Occupy Wall Street Gives Voice to the Frustrated

October 7, 2011


In what has been a year of historic protests, campaigns and revolutions, a movement has arrived in the US -- Occupy Wall Street. Born out of an organic frustration about the nation’s struggling economy, the role of financial institutions and the unrelenting unemployment rate, people took to the New York streets on Sept. 18 to have their voices heard.

On Wednesday, Oct. 5, the Occupy Wall Street movement grew to its largest size yet with about 15,000 protesters gathering in New York. Similar protests have also begun in major cities, including Washington, DC, Columbus, Chicago and Los Angeles. These protests show no signs of slowing down, either.

Rather than reaching a stagnant status almost three weeks after the initial launch and with no clear asks or demands from the groups, Occupy Wall Street is maintaining a strong presence and continuing its visceral response to issues that pose an imposition on the average American citizen.

Could it be that to articulate the demands of the group is so difficult because the actual problem is a messy and difficult one? Or is it that because, according to the Occupy Wall Street website, the groups participating in the protests “are an open, participatory and horizontally organized process through which [we] are building the capacity to constitute [ourselves] in public as autonomous collective forces?” Perhaps the reason is a little of both; however, the lack of a declaration of specific demands may prove to be a detriment once the allure of protesting diminishes.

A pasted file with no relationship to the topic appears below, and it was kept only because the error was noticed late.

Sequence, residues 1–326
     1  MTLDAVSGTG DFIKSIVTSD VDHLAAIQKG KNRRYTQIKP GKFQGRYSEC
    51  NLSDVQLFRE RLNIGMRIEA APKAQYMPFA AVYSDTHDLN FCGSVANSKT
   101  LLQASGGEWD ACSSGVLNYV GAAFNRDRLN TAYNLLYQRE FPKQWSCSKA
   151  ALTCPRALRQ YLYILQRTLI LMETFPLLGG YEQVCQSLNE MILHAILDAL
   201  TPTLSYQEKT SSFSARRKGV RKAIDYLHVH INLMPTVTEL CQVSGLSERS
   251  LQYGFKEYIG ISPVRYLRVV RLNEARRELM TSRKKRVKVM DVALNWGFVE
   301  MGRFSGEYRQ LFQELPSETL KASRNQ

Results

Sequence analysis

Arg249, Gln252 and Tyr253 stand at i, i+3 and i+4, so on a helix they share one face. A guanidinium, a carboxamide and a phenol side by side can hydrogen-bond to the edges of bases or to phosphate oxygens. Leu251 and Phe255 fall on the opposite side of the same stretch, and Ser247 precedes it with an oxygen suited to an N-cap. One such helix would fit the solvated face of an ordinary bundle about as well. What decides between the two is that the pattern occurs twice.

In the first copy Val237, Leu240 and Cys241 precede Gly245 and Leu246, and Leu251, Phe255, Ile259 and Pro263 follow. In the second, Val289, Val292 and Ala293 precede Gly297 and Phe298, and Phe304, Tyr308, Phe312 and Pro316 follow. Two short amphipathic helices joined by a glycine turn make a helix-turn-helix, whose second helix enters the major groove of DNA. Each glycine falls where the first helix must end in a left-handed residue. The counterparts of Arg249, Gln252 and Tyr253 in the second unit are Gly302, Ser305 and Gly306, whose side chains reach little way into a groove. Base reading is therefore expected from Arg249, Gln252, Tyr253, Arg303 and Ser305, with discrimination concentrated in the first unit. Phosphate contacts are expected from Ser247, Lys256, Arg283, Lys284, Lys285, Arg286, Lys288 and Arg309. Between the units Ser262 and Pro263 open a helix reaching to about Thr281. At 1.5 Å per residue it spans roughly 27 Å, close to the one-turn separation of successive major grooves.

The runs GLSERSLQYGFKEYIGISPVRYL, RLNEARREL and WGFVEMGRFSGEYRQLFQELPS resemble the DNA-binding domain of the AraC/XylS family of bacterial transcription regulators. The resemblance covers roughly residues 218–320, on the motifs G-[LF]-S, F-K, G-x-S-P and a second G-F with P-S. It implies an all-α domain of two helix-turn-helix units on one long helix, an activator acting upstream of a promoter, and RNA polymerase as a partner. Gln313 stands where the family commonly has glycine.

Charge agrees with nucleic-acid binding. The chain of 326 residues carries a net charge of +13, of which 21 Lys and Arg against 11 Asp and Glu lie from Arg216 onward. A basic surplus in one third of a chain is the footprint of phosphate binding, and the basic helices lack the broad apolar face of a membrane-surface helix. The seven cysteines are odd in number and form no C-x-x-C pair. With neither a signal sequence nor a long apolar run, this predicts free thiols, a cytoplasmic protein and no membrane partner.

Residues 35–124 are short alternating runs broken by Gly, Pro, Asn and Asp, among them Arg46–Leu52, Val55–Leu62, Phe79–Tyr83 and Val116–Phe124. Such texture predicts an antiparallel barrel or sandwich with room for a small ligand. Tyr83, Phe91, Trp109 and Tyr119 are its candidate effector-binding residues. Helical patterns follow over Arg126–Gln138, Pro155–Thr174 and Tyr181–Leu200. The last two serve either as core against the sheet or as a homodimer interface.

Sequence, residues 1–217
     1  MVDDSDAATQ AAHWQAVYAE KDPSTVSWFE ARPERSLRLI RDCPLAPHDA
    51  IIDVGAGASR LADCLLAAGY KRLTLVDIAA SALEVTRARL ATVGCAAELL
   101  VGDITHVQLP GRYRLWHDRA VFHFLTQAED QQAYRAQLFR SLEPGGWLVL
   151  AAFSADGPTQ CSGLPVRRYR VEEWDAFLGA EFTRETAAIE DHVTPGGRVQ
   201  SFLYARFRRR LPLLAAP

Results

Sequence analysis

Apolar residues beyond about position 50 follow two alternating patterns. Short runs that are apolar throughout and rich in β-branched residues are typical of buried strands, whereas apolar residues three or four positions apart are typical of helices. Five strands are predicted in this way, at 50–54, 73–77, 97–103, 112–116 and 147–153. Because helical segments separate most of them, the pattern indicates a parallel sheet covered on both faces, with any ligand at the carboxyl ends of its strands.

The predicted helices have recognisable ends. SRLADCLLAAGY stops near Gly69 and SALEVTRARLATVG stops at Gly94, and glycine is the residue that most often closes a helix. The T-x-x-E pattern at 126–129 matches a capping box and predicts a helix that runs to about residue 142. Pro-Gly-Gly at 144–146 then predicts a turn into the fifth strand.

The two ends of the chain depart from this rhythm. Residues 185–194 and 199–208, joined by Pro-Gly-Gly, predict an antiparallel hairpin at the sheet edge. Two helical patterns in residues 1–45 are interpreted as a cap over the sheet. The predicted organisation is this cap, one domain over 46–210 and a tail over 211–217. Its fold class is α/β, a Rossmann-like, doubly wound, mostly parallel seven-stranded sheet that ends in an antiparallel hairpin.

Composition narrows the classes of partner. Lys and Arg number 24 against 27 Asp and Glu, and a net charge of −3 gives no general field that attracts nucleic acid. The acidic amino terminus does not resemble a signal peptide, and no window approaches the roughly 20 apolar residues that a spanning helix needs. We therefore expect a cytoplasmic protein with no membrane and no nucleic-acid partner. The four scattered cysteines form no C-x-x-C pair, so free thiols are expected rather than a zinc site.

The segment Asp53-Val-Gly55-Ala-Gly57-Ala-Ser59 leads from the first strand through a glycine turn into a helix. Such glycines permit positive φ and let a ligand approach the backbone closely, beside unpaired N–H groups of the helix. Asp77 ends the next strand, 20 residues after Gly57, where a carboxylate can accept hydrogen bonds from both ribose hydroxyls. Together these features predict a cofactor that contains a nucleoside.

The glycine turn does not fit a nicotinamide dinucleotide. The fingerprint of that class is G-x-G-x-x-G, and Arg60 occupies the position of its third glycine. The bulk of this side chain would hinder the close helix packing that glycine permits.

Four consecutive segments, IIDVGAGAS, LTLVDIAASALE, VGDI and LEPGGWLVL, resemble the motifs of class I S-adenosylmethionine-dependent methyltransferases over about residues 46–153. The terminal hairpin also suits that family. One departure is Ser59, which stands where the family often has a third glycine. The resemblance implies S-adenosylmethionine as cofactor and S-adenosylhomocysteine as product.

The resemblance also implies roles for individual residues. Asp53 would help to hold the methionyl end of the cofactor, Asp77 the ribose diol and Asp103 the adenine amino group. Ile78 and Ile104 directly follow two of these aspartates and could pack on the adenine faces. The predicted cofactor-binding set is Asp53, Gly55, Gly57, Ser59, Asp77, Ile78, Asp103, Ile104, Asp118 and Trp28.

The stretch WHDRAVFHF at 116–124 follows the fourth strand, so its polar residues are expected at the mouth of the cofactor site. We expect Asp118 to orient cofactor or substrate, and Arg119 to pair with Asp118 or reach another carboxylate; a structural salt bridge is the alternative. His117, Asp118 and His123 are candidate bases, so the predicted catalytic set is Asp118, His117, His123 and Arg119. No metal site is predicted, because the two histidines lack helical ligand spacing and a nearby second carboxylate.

Some, such as Dr. Cornel West are calling the movement the U.S. autumn response to the Arab Spring. Whatever it’s being called, all can agree, including President Barack Obama that Occupy Wall Street shows a “broad-based frustration” among Americans. While tactics or strategies on how best to effectively communicate grievances are being disputed by media pundits, the Muslim Public Affairs Council fully supports Americans’ civic engagement.

“I think it expresses the frustrations the American people feel that we had the biggest financial crisis since the Great Depression, huge collateral damage all throughout the country … and yet you’re still seeing some of the same folks who acted irresponsibly trying to fight efforts to crack down on the abusive practices that got us into this in the first place,” said President Obama.

In a time when President Obama was elected on the platform of “Yes we can!” the American people are taking it to the streets where they can impose on themselves the task and responsibility of saying and doing just that. It is a difficult task to call out the big giants when it seems everyone, including your own government, is against you. Only time will tell if this movement will go anywhere; or if it will fall on deaf ears while the corporate giants laugh all the way to the banks. 

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